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    Seminar for Museum Educators:

    Jyväskylä, Finland

    9 November 2005

    The Role of Museums in Society: Education and Social Action

    George E. Hein,

    Professor Emeritus

    Lesley University

    Program Evaluation And Research Group

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    Are museums educational institutions?

    What is the appropriate education theory for 


    Does education include a social role?

     ____________________________________________________________ My thanks Ms. Outi Nummi and the Finnish Museums Association for the

    invitation to speak at this seminar and to the Public Affairs Office, U. S.

    Embassy in Helsinki for their support that made this trip possible.

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    Are museums educational institutions?

     Yes, Museum = Education

    What is the appropriate education theory for 


    Constructivism (Progressive Education)

    Does education include a social role?

     Yes, it is an essential component of  education 

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    1. Types of Museums:

     Art, history (and historic houses) technology,

    science, aquaria, zoos, natural history, science centers, outdoor, farm, children’s, maritime,

    eco-museums, specialized collections, music,

    popular culture, nature centers, historic sites,

    nature centers, etc.

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    Number of museums

    Europe, more than 15,000  Finland: 163 museums responsible for a total of 321

    museum sites and locations


    • Up to 50% of population annually in some countries

      (4.8 million visits in Finland, 2004) • In USA: ~16,000 museums,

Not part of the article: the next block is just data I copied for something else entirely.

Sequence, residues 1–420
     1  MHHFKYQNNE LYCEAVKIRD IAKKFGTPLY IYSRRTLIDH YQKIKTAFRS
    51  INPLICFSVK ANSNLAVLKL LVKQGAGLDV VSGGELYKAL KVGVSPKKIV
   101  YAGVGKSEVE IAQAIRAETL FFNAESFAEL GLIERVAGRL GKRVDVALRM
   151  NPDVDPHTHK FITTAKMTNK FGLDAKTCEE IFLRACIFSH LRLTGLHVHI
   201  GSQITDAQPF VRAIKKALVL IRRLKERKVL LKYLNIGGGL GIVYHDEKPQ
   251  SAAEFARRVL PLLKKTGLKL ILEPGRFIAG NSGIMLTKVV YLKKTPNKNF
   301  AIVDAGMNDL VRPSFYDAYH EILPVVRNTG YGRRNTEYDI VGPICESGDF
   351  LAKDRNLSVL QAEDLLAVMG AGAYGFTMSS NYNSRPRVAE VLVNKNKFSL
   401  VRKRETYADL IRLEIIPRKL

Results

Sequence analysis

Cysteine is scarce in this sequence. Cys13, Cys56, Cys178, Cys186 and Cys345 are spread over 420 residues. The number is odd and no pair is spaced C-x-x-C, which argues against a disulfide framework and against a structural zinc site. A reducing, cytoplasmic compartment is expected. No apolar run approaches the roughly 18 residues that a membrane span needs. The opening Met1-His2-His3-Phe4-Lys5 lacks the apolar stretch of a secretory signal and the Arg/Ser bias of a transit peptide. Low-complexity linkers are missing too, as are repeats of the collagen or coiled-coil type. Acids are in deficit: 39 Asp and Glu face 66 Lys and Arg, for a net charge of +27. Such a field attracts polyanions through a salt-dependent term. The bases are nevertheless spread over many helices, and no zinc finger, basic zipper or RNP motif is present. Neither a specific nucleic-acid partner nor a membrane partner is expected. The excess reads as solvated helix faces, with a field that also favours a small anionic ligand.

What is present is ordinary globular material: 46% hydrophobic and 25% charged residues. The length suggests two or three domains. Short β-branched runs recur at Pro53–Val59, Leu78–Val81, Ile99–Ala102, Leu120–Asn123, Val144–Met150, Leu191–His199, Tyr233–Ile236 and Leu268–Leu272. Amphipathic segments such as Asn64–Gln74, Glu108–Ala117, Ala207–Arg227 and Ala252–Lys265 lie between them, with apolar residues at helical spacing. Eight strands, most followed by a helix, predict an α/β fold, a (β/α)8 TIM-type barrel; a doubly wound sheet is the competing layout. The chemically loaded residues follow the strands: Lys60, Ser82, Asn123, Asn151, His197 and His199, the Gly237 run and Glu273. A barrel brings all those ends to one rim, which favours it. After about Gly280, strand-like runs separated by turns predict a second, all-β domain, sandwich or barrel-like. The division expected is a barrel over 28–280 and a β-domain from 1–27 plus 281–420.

More visits to museums annually than

      to professional sports

    Museums are a major expression of cultural Identity In every society:

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    1946: The word "museums" includes all collections

    open to the public, of artistic, technical, scientific,

    historical or archaeological material, including zoos and botanical gardens, but excluding libraries, except in so far as they maintain permanent exhibition rooms. (International Council of Museums, ICOM).

    2001: A museum is a non-profit making, permanent institution in the service of society and of its development, and open to

    the public, which acquires, conserves, researches,

    communicates and exhibits, for purposes of study, education

    and enjoyment, material evidence of people and their 

    environment. (...) (ICOM)

    (Note: A similar shift in definition exists in AAM  documents, 1969—2002.)

    2. Changing Definition of Museums

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    Museum Theatre

    Period Pieces are short

    plays with two or more characters designed to

    examine historical

    issues and universal themes. Lasting 15

    minutes or longer, these

    scenes are presented in

    the galleries and among the exhibits.

    Kentucky Historical Society 


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     A museum is only alive when it is openand visitors are present.

    Everything that concerns visitors is the

    focus of museum education, — and all museum functions impact the visitor 


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    Wetterlund, K. & Sayre, S. 2003 Art Museum EducationPrograms Survey. Available at:

    3. The Scope of Museum Education

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    Museum Educational Work is very broad:

    • Organize and carry out programs for exhibition visitors

    • Programs outside visiting hours or in special settings

    • Education methods include: dance, theatre, music,

    movement, etc.

    • Develop educational materials, resources

    • Outreach activities to classrooms, community centers, etc.

    • Participate in other museum activities: exhibition design,

    accessibility, planning • Carry out research on visitors or for program development

    • Initiate external Partnerships

    • Web site and on-line related work Condensed from: Wetterlund, K. & Sayre, S.,

    2003 Art Museum Education Programs Survey. Available at:

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    The creation of the Public Museum was